Although the problem of sharing user information between systems is the same when a UNIX machine provides connectivity via CIFS, the situation can be different. With NFS, a UNIX server almost exclusively provides connectivity service. However, when a UNIX server uses CIFS to provide connectivity, an NT server in the network might provide authentication.

Different connectivity products take different approaches to this situation. For example, SCO's product OpenServer's Advanced File and Print Server (AFPS) can take over the functions of an NT PDC or backup domain controller (BDC). AFPS maintains a complete user database, as you would find on an NT server, and doesn't map users, because it considers NT and UNIX users identical. When users log on to the domain from an NT workstation, the AFPS server authenticates them, even if the AFPS server functions as a BDC.

AFPS has two added advantages. First, AFPS provides server tools that are identical to the tools on an NT machine (e.g., User Manager, Server Manager) and that you can install on clients. AFPS User Manager can create users, just as NT's User Manager can do. Second, when you create users with the OpenServer interface, they automatically become AFPS users. AFPS gives users access to UNIX resources via NFS and to NT resources via CIFS.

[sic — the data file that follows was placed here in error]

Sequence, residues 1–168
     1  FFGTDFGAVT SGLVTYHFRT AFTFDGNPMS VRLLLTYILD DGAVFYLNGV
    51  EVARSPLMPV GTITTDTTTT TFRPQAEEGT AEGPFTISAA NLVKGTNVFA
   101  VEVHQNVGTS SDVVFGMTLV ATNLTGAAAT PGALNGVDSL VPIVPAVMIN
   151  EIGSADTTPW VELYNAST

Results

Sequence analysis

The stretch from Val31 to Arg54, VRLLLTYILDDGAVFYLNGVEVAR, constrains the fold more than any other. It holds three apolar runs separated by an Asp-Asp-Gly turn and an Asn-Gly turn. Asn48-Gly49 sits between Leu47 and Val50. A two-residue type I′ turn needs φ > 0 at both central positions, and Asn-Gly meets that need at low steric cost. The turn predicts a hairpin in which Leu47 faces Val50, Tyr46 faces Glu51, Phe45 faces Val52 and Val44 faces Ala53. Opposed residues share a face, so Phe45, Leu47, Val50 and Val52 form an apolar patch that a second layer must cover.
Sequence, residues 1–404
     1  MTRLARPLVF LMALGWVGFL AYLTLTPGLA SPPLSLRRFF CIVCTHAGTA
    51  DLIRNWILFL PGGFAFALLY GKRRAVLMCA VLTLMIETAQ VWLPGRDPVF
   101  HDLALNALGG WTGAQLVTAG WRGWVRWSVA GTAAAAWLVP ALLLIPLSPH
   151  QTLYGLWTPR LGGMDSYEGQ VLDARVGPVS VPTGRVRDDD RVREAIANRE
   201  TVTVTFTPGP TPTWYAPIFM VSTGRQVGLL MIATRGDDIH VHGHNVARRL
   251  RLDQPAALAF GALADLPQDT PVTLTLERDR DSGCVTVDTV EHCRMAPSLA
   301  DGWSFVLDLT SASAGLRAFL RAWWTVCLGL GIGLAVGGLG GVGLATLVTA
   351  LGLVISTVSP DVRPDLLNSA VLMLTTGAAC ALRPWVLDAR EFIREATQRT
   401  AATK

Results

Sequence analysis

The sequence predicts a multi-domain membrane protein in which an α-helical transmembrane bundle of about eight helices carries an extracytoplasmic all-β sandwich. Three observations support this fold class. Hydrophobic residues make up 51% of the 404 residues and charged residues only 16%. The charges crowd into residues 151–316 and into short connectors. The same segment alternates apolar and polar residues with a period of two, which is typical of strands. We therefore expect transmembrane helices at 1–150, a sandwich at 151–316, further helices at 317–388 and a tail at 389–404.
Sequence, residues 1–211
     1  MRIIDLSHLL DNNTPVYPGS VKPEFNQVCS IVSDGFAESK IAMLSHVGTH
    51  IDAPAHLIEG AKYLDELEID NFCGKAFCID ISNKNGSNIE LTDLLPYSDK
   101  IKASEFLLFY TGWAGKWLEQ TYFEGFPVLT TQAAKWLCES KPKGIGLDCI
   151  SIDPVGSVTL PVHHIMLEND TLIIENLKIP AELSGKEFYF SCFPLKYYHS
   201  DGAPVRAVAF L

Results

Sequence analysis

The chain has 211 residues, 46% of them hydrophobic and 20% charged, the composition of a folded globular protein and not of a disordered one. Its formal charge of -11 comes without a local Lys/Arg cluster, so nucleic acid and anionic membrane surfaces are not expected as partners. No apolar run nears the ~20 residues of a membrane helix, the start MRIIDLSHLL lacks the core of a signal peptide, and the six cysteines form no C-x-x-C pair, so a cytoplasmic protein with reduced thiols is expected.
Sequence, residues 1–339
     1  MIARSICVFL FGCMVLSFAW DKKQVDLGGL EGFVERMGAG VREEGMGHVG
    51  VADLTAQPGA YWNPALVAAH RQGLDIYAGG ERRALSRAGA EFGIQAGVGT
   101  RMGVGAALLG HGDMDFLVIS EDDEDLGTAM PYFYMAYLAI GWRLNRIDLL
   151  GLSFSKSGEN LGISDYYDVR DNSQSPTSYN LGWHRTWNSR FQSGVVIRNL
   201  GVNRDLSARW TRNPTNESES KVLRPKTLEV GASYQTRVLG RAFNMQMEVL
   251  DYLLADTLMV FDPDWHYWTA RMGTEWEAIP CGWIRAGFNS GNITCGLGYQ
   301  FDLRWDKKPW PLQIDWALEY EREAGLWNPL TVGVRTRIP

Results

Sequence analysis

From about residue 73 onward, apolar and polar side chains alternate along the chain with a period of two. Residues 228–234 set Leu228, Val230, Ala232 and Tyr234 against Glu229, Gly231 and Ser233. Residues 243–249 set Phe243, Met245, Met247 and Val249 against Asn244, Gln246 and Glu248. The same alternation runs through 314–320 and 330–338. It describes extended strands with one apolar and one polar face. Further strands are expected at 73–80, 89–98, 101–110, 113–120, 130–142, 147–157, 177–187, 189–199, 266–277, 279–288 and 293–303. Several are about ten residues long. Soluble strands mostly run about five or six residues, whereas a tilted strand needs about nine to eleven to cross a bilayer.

Samba can take over many NT PDC functions. For example, Samba can provide authentication services and logon scripts. When you use Samba you must create users on the local UNIX machine, and Samba does not support the ACL on NT files. However, with Samba, you can designate another server (e.g., NT or AFPS) to provide authentication. Samba also accomplishes one-to-one mappings between NT and UNIX users and can map to multiple users and groups of users. For example, from one machine you can map the NT administrator to the UNIX root user. Doing so gives you root access to all the files on the server. You can also create a group of NT users that need access to one directory and map them to one UNIX user.